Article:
Wednesday, May 28, 2008

A mayor worries...

...about what peak oil is going to cost - finally. One down, several thousand more to go.

How Will Local Governments Respond to Large Increases in Energy Bills?
Posted by Prof. Goose on May 27, 2008 - 2:00pm in The Oil Drum: Local
Topic: Policy/Politics
Tags: city politics, debbie cook, energy, local government, peak oil [list all tags]

This is a guest post by Debbie Cook, Mayor of Huntington Beach, CA, and candidate for California's 46th Congressional District. Debbie has been a peak oil activist for many years; in this post Mayor Cook provides some interesting energy and peak oil-related things to think about from a local government perspective.

...I am the Mayor of Huntington Beach, California, a full service city of 200,000 residents, 27 square miles, 1200 employees and 8.5 miles of beach. We have nearly 200 police vehicles, 3 helicopters, 15 fire engines/trucks, 7 ambulances, 1 HazMat vehicle, and 1 medical decontamination unit. In addition there are hundreds of miscellaneous vehicles and trucks for public works, marine safety, building department, water department, and administration. All said, we consume 495,000 gallons of gasoline/diesel/jet fuel per year. For every $1 fuel goes up, it is a half million dollars out of our general fund budget...

...There are countless services that local government provides to residents: streets, curbs, gutters, tree trimming, sewers, street sweeping, water, parks, community centers, emergency services, senior services including meals on wheels. All of these are energy intensive and mean local government is extremely vulnerable to supply disruptions and high costs. As budgets get squeezed, you can speculate as to which services will be the first on the chopping block.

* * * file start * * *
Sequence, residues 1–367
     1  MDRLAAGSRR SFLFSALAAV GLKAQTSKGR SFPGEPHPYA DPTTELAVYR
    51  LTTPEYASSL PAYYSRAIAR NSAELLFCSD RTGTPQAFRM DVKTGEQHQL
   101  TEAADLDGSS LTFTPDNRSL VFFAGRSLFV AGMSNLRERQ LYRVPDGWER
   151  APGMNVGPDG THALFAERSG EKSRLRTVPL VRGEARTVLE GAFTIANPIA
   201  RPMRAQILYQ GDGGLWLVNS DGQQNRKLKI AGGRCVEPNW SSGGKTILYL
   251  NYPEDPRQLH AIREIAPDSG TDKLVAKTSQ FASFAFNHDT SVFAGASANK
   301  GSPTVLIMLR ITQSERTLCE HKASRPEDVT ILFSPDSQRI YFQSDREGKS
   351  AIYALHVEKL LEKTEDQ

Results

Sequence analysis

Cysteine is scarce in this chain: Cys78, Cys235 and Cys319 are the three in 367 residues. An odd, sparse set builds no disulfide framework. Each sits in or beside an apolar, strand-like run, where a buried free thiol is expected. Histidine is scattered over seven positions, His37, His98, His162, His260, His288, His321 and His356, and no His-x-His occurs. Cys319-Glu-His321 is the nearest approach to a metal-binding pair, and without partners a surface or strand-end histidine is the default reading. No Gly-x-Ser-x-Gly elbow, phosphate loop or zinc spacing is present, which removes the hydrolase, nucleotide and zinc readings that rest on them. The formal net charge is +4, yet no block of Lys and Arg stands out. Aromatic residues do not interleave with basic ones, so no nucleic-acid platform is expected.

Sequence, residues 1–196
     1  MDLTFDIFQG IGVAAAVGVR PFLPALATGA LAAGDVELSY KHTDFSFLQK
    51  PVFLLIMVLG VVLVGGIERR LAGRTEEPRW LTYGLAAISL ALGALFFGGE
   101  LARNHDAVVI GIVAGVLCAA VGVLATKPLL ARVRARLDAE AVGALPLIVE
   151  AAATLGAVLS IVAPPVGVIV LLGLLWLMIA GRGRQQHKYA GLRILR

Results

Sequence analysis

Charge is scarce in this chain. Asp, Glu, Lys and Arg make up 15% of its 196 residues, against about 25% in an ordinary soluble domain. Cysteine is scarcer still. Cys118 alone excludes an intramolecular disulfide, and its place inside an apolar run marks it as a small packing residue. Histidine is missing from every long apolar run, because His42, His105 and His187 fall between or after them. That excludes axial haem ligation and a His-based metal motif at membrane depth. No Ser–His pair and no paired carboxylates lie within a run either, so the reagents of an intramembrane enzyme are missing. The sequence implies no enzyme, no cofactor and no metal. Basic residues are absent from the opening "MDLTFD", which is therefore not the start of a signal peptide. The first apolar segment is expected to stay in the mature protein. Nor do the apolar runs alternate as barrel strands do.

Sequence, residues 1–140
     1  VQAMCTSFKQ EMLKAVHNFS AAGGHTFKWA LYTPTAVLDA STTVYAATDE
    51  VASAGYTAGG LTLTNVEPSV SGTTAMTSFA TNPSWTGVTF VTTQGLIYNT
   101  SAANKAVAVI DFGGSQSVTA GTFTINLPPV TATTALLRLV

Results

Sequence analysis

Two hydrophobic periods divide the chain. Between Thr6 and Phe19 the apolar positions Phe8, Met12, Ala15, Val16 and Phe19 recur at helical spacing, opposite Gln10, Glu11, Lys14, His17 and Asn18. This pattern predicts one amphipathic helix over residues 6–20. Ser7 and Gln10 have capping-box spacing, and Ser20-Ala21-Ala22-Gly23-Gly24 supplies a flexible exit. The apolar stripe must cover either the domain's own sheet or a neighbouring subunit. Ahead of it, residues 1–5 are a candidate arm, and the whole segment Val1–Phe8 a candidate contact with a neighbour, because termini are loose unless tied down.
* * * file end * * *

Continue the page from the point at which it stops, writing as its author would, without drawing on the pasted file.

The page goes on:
I have spent the last three years educating elected officials and policy makers about the peaking of world oil production with only limited success. I have been as frustrated as my fellow peaksters as to the lack of response or attention this critical issue has received from all levels of government. As Mark Twain once said, “There is a great deal of human nature in people.” Jim Kunstler’s article The Psychology of Previous Investment is the best explanation I have seen as to why it is so difficult to overcome the inertia of the status quo. Our mistake is in thinking that elected officials will act differently than the public that they are elected to represent.

Peak oil is a truth that does not benefit the status quo and as such will require each and every one of us to keep banging the drum. In the meantime, I’m afraid that no matter how high the price of fuel goes, we are likely to see more of the same—blame and finger pointing and limited leadership and initiative.

Debbie Cook, Mayor
City of Huntington Beach

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